I've been tempted to write this blog post for a few weeks now. While my blog series on conduits purposely avoided enumerator comparisons, I'm sure the first question people have is, "Why did we need a new solution to the problem?" Now that I've gotten feedback from a different people, and since multiple people are looking at novel solutions to the streaming data problem, I think it's time to write this post.
Before we can really address the question, we need to understand the goals we are trying to achieve. We want a solution that will allow us to:
- Produce, consume and transform streams of data.
- Abstract over the underlying data source and destination.
- Handle resources determinstically. This includes exception safety.
- Composability: it should be simple to take a few transformers and a consumer and produce a new consumer, for example.
- Approachable: it shouldn't take months to master the approach.
- Robust: we should be making it difficult for people to shoot themselves in the foot.
- Convenient: we don't want a solution that requires radically modifying our code.
The enumerator approach (encompassing the iteratee,
enumerator, and iterIO packages, as well as Oleg's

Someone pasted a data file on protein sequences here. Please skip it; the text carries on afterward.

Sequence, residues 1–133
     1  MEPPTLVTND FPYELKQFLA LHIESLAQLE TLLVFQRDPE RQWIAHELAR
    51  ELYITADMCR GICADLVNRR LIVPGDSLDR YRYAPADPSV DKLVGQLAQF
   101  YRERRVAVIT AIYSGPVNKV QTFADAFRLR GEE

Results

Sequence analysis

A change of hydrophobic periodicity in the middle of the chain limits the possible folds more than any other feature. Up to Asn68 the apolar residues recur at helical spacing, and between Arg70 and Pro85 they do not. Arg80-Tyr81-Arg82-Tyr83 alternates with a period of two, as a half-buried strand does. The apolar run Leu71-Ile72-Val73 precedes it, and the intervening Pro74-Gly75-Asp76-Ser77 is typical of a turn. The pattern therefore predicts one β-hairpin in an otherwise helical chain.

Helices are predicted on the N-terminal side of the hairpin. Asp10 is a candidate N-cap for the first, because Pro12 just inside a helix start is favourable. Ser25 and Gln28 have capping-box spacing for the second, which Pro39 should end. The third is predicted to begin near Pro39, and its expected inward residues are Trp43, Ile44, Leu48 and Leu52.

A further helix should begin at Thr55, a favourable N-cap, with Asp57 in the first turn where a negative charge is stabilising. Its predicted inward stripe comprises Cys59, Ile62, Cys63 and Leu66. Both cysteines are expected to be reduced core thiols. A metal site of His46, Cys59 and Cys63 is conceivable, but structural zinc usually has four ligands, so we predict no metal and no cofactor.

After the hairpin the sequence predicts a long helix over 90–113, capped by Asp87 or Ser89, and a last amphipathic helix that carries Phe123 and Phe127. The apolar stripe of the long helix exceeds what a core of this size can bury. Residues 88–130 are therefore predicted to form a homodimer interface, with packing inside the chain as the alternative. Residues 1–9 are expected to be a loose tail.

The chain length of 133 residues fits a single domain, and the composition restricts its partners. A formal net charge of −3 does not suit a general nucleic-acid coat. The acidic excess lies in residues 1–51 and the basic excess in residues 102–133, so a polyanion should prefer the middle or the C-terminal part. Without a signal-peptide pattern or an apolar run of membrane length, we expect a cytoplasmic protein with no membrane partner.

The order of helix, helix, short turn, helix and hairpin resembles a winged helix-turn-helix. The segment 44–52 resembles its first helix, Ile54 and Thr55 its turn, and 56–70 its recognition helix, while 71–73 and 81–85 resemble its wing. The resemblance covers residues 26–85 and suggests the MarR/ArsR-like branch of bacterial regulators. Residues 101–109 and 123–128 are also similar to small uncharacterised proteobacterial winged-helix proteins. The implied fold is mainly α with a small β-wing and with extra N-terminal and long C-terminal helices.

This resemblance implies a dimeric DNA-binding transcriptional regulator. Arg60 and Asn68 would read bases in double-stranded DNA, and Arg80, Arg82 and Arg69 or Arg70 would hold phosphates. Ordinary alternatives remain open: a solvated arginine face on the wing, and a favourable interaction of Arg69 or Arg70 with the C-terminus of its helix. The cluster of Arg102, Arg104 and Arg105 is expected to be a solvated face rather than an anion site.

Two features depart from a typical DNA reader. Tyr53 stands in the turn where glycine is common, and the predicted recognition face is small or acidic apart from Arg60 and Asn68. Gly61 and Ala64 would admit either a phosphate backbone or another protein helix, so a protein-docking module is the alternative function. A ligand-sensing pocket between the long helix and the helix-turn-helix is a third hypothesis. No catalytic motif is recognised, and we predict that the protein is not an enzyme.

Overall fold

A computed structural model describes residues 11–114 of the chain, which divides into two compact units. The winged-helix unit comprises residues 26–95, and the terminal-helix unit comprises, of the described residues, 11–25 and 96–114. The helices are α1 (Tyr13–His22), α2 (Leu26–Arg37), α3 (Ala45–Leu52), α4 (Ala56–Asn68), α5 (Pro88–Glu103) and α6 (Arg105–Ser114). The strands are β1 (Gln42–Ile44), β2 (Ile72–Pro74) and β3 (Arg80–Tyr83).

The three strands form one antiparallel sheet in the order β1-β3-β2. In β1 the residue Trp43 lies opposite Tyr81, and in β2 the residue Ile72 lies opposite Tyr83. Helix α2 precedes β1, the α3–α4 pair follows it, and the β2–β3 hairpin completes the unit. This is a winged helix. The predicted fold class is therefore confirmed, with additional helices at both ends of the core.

original papers) was a breakthrough for solving these issues. It fully addresses issues (1) and
(2) above. I would argue it also solves (6) very well. However, it only gives a half solution to
(3): while we can deterministically allocate resources in the producer (i.e. Enumerator), you
cannot do so in the consumer (i.e. Iteratee). As a result, it's impossible to write an
iterFile function (this has been confirmed in all four variations
listed above, I can provide the code if anyone's curious).
(4) is also only a partial solution in my mind, at least if you consider (7). The use case that finally opened my eyes to the limitations here was producing an HTTP proxy. I won't get into all the gory details, but the basic issue is that enumerator forces a kind of Inversion of Control on its users, making it awkward to interleave different streams. Again, I can provide the code for this for the curious, but it's too involved to be discussed here.